But Madrid equalised through Lucas Vazquez, and then assistant Davide Ancelotti sent on David Alaba with simple instructions: score. And no, that’s not a joke. He really did. The Austrian was preparing to come on when Madrid got a free kick, Carlo’s son urging his dad to make the change quicker than planned, Karim Benzema waving at Alaba to come and take it too. And so he did, curling the ball into the net off the post with his very first touch, running back to the bench where he was told: told ya.

“It was a bit mad,” Alaba said, which it was — all of it. Oh, what fun we had.

There was more. Ernesto Valverde came back to San Mames on Monday — “It was emotional,” he said — and then Atletico scored three at Getafe, which doesn’t even begin to tell the story.

All three goals came from robberies high up the pitch, Atletico cutting through the middle. One was scored by Antoine Griezmann — a substitute who hadn’t gotten a goal since January — and two were scored by Alvaro Morata, the man more out than in a week ago, seeming in permanent search for a happiness just out of reach, but who might just have grabbed it this time, Simeone insisting afterwards “we hope he stays.”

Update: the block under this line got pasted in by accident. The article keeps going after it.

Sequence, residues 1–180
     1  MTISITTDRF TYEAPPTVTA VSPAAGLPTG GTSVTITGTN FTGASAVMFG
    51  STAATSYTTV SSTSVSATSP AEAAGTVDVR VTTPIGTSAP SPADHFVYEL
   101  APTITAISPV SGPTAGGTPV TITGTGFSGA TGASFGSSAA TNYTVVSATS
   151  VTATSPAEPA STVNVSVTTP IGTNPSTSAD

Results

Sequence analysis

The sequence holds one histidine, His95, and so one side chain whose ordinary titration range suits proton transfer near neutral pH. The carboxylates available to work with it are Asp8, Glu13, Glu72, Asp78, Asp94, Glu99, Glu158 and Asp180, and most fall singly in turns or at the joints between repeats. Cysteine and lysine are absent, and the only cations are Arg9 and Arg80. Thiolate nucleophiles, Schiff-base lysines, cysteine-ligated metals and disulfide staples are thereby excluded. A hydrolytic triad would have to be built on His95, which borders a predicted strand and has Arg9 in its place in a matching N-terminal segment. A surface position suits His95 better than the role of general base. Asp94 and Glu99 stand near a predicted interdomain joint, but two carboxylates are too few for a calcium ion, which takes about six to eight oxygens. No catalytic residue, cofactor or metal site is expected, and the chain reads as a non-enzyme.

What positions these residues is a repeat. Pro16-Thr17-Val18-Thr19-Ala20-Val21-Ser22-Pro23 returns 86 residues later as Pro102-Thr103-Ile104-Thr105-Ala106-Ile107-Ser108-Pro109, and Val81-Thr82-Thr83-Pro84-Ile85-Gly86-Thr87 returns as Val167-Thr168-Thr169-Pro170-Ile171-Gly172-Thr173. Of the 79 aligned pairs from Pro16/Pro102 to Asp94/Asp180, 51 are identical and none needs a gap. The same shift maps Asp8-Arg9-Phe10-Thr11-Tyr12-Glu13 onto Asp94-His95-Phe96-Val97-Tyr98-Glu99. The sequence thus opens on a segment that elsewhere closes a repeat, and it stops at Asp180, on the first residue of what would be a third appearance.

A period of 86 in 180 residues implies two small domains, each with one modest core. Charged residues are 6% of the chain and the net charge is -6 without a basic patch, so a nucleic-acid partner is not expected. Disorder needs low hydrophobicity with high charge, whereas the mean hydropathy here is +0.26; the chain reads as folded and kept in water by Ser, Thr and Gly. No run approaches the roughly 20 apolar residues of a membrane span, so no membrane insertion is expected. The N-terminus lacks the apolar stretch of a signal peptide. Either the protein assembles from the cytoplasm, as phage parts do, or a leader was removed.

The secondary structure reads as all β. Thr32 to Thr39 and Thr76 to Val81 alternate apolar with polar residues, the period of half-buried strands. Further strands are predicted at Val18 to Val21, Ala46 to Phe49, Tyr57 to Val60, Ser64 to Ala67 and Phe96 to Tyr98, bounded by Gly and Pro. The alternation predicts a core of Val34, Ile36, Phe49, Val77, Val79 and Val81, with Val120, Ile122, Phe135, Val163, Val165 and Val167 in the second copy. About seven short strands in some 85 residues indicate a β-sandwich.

And all three of them had been provided by Joao Felix, making it almost as many assists in one evening south of the city as in the whole of last season. “That pass [for the second]…” Morata said, his lack of words just about expressing how brilliant it had been, an angled, no-look ball that took out a team.

It had been good alright, and it wasn’t over yet on an opening weekend that reminded everyone why they love this — so pleased to have it all back. Not because Nabil Fekir was going to do something insane to wrap it up, sneaking up behind Enzo Rocco and taking the ball out on the touchline, heading inside, braking, pulling away, stopping, starting, and getting into the area, still on his feet despite being pulled, kicked and pushed, the victim of at least four fouls on the run to the by line where he set up Borja Iglesias brilliantly. But because his manager was, conjuring up a magical touch that welcomed everybody back with a wow.